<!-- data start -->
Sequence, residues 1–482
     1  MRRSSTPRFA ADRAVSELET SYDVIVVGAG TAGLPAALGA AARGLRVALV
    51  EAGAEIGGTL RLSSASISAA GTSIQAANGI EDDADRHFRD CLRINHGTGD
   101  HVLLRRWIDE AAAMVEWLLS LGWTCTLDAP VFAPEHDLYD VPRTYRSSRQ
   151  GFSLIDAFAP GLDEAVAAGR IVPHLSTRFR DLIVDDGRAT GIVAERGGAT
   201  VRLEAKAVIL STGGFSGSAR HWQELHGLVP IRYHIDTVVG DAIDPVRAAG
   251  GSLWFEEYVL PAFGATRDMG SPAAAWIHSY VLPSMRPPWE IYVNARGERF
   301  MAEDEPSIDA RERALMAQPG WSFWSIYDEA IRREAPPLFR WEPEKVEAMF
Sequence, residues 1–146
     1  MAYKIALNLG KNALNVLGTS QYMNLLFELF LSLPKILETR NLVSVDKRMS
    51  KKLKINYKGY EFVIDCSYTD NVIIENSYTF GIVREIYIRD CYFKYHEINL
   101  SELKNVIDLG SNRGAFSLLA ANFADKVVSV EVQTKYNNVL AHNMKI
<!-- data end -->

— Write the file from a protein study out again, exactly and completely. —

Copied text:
Sequence, residues 1–482
     1  MRRSSTPRFA ADRAVSELET SYDVIVVGAG TAGLPAALGA AARGLRVALV
    51  EAGAEIGGTL RLSSASISAA GTSIQAANGI EDDADRHFRD CLRINHGTGD
   101  HVLLRRWIDE AAAMVEWLLS LGWTCTLDAP VFAPEHDLYD VPRTYRSSRQ
   151  GFSLIDAFAP GLDEAVAAGR IVPHLSTRFR DLIVDDGRAT GIVAERGGAT
   201  VRLEAKAVIL STGGFSGSAR HWQELHGLVP IRYHIDTVVG DAIDPVRAAG
   251  GSLWFEEYVL PAFGATRDMG SPAAAWIHSY VLPSMRPPWE IYVNARGERF
   301  MAEDEPSIDA RERALMAQPG WSFWSIYDEA IRREAPPLFR WEPEKVEAMF
Sequence, residues 1–146
     1  MAYKIALNLG KNALNVLGTS QYMNLLFELF LSLPKILETR NLVSVDKRMS
    51  KKLKINYKGY EFVIDCSYTD NVIIENSYTF GIVREIYIRD CYFKYHEINL
   101  SELKNVIDLG SNRGAFSLLA ANFADKVVSV EVQTKYNNVL AHNMKI